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Information frictions between firms and regulators are typically seen as a means by which firms evade enforcement or, alternatively, a means through which they can limit rent-seeking behavior. In contrast, we argue that information frictions between firms and regulators reduce the efficiency of firms’ compliance efforts, particularly when industry rules are open-ended or qualitative. We use physical distance between firms and regulators to test these competing theories of information exchange on a panel of U.S. community banks between 2001 and 2010. We exploit overlapping regulatory jurisdictions to generate plausibly exogenous variation in distance between bank and supervisor. We find that banks located at a greater distance from regulatory field offices face significantly higher administrative costs, at an average rate of about 20% of administrative costs per hour of travel time. These cost differences are not accompanied by differences in compliance outcomes, are not driven by endogenous regulator choice, and are stable over our time period. Further, the inefficiency of distant firms is negatively related to the scale of the jurisdiction in which they operate, suggesting that information spillovers within jurisdictions limit the uncertainty about regulatory expectations in decentralized oversight regimes.
Regulatory oversight demands ongoing information exchange between firms and regulators. The dominant paradigm emerging from economic models of regulation sees this exchange in terms of monitoring and enforcement costs. It predicts that firms use information frictions to their advantage by reducing compliance efforts (Becker 1974, Laffont and Tirole 1993). Empirical support for these models is primarily drawn from contexts where governmental resources are limited and the mandate to enforce regulation is relatively weak. Likewise, the literature on crony capitalism tends to emphasize the rentseeking potential of relationships with government agents, particularly when rule of law is weak, access costs are low and government agents enjoy stable tenure (Stigler 1971). By and large, these theories see information exchange between firms and regulators as an adversarial process, and predict that information frictions allow firms or regulators to benefit at the expense of the public.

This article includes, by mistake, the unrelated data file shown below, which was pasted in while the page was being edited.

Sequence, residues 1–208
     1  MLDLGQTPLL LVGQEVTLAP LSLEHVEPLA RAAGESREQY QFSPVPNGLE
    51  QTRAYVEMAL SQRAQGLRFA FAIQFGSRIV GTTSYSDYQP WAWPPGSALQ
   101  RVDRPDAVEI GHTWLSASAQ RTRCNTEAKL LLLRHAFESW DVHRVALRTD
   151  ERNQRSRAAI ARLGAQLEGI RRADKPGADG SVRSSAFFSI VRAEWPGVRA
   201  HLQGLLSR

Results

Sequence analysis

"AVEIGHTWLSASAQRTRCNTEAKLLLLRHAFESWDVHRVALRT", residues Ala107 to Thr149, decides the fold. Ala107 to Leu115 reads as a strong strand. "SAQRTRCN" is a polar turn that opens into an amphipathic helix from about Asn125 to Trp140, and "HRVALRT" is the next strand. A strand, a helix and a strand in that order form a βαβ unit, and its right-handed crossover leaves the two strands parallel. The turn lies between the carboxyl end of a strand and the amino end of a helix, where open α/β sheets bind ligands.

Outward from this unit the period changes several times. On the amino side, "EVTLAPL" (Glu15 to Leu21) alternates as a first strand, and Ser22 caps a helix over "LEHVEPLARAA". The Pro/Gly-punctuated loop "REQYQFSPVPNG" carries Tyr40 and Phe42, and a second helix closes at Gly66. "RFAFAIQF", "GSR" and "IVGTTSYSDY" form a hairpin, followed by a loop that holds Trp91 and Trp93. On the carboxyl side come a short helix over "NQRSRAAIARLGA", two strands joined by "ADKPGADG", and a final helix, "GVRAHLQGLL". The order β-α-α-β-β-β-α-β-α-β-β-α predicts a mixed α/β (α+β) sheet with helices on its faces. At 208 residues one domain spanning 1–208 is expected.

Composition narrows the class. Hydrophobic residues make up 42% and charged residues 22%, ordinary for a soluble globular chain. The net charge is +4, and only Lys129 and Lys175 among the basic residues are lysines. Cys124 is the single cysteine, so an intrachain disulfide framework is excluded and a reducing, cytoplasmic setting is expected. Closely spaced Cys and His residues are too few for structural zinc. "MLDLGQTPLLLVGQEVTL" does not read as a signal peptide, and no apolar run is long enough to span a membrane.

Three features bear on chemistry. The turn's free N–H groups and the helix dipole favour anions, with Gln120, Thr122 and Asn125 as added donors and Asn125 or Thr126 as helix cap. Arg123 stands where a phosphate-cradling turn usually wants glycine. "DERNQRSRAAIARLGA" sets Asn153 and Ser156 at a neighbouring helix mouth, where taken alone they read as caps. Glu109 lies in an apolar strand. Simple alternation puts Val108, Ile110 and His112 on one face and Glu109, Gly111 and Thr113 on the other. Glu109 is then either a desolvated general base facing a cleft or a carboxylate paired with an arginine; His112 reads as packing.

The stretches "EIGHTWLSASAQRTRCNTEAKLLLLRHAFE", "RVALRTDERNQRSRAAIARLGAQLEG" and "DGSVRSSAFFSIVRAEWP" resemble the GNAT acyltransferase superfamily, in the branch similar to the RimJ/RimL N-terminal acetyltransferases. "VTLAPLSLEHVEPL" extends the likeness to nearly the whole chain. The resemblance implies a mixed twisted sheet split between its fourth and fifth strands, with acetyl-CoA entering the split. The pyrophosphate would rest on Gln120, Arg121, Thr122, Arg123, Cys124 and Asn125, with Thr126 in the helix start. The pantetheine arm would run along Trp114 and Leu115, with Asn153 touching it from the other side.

In contrast, we argue that information exchange between firms and regulators may also act as a channel for public-good provision. Information frictions between firms and regulators cause uncertainty for both parties that are costly to resolve. This uncertainty increases the cost of firms’ compliance efforts, particularly when industry rules are open-ended or qualitative. When regulators are relatively powerful and governed by strong rule of law, firms are likely to bear the cost of regulators’ uncertainty about firm behavior through demands for information. They will also bear the cost of their own uncertainty about regulatory expectations, through ineffective compliance efforts. In such environments, information exchange with regulators has the potential to be a cooperative process that benefits both firms and the public by reducing compliance costs without reducing compliance levels.
In other words, if uncertainty between firms and regulators is high, information frictions between firms and regulators should increase firms’ administrative and control costs without corresponding compliance improvements. This prediction stands in contrast to the standard theories: If frictions facilitate differential enforcement, they should be associated with decreased administrative and control costs, along with deteriorating compliance outcomes. If information frictions make rent-seeking more difficult, they may (or may not) be associated with administrative inefficiencies, but would certainly be associated with improved compliance outcomes.